A Personal Operating System
My computer has an operating system that governs what it does, how it responds to inputs, what processes it runs, and how it manages resources.
I have a personal operating system too. It governs the things I do, how I respond to inputs, what things I do, and how I manage my resources.
Some parts of my operating system need some updates. Some parts are just there because they've been there as long as I can remember. Many parts are just sub optimal and in need of some upgrades.
It’s time to take inventory and see where I can make some changes. Time for Tim 2.0!
But first, why compare myself to an operating system? It’s not because I view myself as cold and unemotional as an Operating System.
If I were a painter, perhaps I would describe the way I would like to
live using painting (keep your palette balanced, choose what to focus
on, etc.), but I’m a programmer so an Operating System has a lot of
obvious parallels to life for me.
The Kernel of an Operating System manages everything that the
Operating System does. In this way it is similar to the Human consciousness.
By keeping my brain engaged and attuned to raw and undistorted inputs,
I can respond to those inputs in ways I have decided to in advance using pre-programmed scripts. Steven R. Covey, in his Seven Habits book, discussed developing scripts and injecting them between stimulus and response.
For example, there have been times when I could have helped someone and did not out of selfishness. I've regretted those decisions and would like to create a new script that I can “execute” when someone needs help.
I’m reading the book “The Power of Habit” and it talks about forming new habits. I’m really excited about developing new habits and improving or replacing other habits.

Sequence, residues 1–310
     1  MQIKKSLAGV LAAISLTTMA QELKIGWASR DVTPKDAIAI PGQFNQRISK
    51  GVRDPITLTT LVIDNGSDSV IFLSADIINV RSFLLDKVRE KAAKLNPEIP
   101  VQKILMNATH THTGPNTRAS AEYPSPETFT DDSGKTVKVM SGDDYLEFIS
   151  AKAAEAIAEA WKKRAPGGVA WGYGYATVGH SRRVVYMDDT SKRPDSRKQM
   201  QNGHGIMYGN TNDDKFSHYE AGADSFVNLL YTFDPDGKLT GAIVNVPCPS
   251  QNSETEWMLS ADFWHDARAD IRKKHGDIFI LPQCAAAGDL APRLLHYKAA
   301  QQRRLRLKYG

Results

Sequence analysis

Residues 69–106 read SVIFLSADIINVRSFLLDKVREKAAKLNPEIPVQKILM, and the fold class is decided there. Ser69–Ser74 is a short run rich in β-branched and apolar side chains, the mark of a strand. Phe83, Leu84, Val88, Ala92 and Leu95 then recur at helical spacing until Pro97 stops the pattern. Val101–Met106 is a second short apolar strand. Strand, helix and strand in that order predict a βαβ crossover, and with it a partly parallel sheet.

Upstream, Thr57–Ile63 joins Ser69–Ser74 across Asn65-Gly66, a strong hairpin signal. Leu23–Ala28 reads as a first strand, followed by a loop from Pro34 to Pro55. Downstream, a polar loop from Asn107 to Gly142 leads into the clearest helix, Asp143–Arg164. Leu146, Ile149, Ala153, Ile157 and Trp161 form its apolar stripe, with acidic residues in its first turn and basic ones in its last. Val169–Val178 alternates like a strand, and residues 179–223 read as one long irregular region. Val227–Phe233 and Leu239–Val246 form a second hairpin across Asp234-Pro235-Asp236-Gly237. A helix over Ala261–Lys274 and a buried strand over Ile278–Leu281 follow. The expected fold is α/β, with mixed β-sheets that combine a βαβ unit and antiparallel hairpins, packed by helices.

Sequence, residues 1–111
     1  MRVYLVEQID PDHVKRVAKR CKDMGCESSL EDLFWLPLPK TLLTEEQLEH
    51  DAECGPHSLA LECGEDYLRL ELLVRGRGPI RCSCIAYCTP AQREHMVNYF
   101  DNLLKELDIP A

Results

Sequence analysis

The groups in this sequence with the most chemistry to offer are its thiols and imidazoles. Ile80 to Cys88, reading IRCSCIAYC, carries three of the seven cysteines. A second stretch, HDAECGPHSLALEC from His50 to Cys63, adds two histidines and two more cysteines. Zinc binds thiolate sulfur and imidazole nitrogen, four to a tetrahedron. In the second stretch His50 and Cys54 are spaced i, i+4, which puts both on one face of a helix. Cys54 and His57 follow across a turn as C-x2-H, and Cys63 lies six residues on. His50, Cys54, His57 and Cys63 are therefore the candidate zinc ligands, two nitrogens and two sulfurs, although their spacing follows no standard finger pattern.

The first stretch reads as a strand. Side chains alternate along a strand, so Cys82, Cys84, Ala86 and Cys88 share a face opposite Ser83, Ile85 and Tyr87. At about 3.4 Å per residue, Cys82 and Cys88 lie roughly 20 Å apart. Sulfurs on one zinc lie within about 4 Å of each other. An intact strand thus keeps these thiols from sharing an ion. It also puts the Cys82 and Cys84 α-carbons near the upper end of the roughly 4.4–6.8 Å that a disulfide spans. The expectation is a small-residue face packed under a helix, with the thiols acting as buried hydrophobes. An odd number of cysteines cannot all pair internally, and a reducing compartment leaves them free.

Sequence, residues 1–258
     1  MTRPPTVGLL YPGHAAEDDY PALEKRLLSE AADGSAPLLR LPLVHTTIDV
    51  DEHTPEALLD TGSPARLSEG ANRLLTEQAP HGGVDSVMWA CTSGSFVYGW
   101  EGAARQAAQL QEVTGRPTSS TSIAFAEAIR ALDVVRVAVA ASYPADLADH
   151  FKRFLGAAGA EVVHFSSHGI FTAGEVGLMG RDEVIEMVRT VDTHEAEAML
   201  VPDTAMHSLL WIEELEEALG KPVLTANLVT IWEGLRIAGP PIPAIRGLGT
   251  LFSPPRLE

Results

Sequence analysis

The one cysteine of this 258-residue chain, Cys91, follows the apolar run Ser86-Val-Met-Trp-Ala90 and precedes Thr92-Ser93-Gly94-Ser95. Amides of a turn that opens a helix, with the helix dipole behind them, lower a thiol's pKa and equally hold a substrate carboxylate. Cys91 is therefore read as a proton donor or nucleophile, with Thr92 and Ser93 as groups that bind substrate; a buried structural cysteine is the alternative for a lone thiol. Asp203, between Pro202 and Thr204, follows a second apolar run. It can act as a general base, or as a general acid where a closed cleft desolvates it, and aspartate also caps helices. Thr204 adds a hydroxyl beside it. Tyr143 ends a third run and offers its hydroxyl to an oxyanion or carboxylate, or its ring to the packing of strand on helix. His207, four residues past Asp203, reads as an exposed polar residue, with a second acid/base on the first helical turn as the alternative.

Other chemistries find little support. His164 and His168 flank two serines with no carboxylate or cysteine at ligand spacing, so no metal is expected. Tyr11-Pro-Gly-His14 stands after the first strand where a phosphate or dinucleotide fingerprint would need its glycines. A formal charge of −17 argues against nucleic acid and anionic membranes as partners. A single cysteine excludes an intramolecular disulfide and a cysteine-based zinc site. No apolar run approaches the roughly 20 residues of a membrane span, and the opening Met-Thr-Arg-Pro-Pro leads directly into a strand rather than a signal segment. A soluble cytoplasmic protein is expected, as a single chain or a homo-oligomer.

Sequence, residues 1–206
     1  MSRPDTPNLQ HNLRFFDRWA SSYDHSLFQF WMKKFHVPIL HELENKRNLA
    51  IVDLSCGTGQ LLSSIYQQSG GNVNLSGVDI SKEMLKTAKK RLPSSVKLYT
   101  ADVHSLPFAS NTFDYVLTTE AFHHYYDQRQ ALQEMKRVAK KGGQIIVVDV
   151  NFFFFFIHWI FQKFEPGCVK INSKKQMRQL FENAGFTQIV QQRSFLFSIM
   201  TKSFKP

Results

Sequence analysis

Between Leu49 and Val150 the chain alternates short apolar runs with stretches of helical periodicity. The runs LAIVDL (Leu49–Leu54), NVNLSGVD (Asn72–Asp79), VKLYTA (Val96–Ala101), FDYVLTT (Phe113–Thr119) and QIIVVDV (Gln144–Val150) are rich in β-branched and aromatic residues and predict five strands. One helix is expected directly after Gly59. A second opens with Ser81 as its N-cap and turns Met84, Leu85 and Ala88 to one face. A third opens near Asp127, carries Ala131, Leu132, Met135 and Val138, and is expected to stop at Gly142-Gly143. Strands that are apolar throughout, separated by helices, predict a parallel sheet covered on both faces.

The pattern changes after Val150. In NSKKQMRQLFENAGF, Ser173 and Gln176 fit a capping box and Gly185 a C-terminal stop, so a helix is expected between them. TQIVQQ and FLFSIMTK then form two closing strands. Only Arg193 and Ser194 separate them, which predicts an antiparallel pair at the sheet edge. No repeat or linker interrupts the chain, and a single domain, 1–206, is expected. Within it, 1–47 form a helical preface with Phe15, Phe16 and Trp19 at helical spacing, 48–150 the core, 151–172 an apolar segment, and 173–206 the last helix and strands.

That is not to say that I need to have a plan for every eventuality.
The unexpected events in life do seem to fall into a small number of
categories. By documenting general responses to those categories and
evaluating how my responses went, I can tune my responses over time.
If I become side-tracked by irrelevant inputs or distorted facts, then
I run the risk of reacting to inputs in ways I would rather not
(getting angry, becoming stressed, being unkind, etc.). The book “Crucial Conversations” talks about separating the facts about things that happen to us from the narratives we add to the facts. Those narratives usually give the facts a negative spin.
Randomness plays an important role in an Operating System but it must
be used only where appropriate. Most of the time, programmers want
Operating Systems to react deterministically but there are times when
randomness is desirable (e.g. Cryptography, some sorting algorithms,
So too in life randomness has its use especially when you’re trying to
keep life fresh and interesting. When an appointment gets cancelled
and you have some spare time, randomness can help make the best of the
situation (or at least have some fun). See also: spontaneity.
If an Operating System fulfills every request for memory, it may find
itself not able to allocate memory to important system tasks.
One must be careful how they allocate their memory. If you reserve
memory to hold grudges, you will have less memory to spare for fond
memories. If you waste your memory on the insignificant, you will
have less memory for the important.
Fortunately, major memory allocation requests all go through the
Operating System and they can be rejected or fulfilled at the